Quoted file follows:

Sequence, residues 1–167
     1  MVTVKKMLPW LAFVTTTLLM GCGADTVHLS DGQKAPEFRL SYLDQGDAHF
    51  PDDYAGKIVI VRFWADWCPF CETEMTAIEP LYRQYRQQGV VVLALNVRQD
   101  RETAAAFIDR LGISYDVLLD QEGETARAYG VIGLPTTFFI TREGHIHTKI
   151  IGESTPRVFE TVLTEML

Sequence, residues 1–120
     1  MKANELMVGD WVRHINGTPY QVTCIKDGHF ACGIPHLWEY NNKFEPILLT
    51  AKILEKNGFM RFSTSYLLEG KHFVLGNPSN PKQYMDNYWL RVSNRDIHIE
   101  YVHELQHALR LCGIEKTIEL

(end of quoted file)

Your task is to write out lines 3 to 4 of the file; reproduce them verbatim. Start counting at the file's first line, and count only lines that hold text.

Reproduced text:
    51  PDDYAGKIVI VRFWADWCPF CETEMTAIEP LYRQYRQQGV VVLALNVRQD
   101  RETAAAFIDR LGISYDVLLD QEGETARAYG VIGLPTTFFI TREGHIHTKI